Predictors of the Need for an Atrial Septal Defect Closure at Very Young Age
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An asymptomatic Atrial Septal Defect (ASD) is often closed at the age of 3–5 years using a transcatheter or surgical technique. Symptomatic ASD or ASD associated with pulmonary hypertension (PHT) may require earlier closure, particularly in combination with other non-cardiac risk factors for PHT, but the indications for early closure and the potential risk for complications are largely unknown. The aim of this study was to assess risk factors for needing ASD closure during the first and second years of life. This case-control study included all children treated with surgical or percutaneous ASD closure between 2000 and 2014 at two out of three pediatric heart centers in Sweden. “Cases” were children with ASD closure at ≤1 or ≤2 years of age. Clinical data were retrieved from medical journals and national registries. Overall, 413 children were included. Of these, 131 (32%) were ≤2 years, and 50 (12%) were ≤1 year. Risk factors associated with a ≤2 years ASD closure were preterm birth, OR = 2.4 (95% CI: 1.5–3.9); additional chromosomal abnormalities, OR = 3.4 (95% CI: 1.8–6.5); pulmonary hypertension, OR = 5.8 (95% CI: 2.6–12.6); and additional congenital heart defects, OR = 2.6 (95% CI: 1.7–4.1). These risk associations remained after adjustments for confounding factors, such as need for neonatal respiratory support, neonatal pulmonary diseases, neonatal sepsis, additional congenital heart defects (CHD) and chromosomal abnormalities. ASD size:body weight ratio of 2.0, as well as a ratio of 0.8 (upper and lower limit of the ASD size:body weight ratios), was associated with increased risk of an early ASD closure. Risk factors such as very premature birth, very low birth weight, congenital, and chromosomal abnormalities, neonatal pulmonary disease and need for ventilation support, as well as pulmonary hypertension, were associated with very early (<1 year of age) ASD closure. Several independent neonatal risk factors were associated with an increased risk of early ASD closure at 2 and at 1 year of age. An ASD size:body weight ratio is a poor predictor for indications for ASD closure.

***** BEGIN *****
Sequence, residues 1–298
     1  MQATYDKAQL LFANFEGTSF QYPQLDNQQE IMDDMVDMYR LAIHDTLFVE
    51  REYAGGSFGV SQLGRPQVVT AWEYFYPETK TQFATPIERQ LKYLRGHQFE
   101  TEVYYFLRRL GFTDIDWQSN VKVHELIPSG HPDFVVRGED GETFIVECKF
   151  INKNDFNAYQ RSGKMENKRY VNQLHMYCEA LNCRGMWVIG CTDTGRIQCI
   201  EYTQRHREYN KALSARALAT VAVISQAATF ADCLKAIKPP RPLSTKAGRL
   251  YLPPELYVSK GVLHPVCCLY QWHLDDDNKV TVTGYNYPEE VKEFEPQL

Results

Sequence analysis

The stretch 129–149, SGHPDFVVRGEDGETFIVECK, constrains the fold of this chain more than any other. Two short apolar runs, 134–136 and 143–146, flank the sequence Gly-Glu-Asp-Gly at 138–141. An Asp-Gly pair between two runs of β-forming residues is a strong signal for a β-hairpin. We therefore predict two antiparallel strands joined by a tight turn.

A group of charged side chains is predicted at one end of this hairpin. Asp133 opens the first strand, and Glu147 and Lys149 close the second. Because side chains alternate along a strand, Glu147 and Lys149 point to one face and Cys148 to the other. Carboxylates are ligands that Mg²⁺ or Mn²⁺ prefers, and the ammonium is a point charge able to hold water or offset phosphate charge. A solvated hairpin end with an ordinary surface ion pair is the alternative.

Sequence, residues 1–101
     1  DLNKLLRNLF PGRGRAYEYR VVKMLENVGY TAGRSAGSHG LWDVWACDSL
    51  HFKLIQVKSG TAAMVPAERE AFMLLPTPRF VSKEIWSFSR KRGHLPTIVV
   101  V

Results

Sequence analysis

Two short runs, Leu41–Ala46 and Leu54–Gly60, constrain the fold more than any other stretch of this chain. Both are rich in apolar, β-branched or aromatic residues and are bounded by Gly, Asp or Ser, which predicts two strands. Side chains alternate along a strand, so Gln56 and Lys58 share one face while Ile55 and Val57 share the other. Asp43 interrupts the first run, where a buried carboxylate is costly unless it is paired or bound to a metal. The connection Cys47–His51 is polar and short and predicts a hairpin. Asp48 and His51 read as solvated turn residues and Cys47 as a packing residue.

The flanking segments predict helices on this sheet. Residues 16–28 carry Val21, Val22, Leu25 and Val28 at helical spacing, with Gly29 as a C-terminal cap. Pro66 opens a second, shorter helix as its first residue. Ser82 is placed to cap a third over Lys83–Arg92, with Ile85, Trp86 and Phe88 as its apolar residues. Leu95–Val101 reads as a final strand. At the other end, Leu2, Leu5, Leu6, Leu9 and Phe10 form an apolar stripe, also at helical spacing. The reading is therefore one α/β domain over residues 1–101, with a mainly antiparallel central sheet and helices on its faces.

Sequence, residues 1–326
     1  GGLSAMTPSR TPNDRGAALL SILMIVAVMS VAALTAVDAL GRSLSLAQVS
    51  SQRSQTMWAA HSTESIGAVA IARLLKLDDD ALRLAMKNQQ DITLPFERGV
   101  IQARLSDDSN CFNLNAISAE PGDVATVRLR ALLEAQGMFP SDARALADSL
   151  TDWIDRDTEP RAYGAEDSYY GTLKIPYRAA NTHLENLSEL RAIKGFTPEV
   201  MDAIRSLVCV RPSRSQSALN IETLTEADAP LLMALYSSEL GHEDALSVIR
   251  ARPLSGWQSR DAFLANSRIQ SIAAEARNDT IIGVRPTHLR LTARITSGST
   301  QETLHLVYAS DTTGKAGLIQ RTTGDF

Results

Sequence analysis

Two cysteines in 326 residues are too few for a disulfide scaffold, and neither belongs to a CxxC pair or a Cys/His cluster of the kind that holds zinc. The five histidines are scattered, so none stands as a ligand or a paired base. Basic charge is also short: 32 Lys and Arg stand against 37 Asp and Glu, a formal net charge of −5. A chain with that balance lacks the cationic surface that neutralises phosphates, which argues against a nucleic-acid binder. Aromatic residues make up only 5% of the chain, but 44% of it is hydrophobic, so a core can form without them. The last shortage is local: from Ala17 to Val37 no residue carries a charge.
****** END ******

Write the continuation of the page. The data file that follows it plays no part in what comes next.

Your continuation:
|Research areas and keywords||
Subject classification (UKÄ) – MANDATORY
|Journal||Frontiers in Cardiovascular Medicine|
|Publication status||Published - 2020|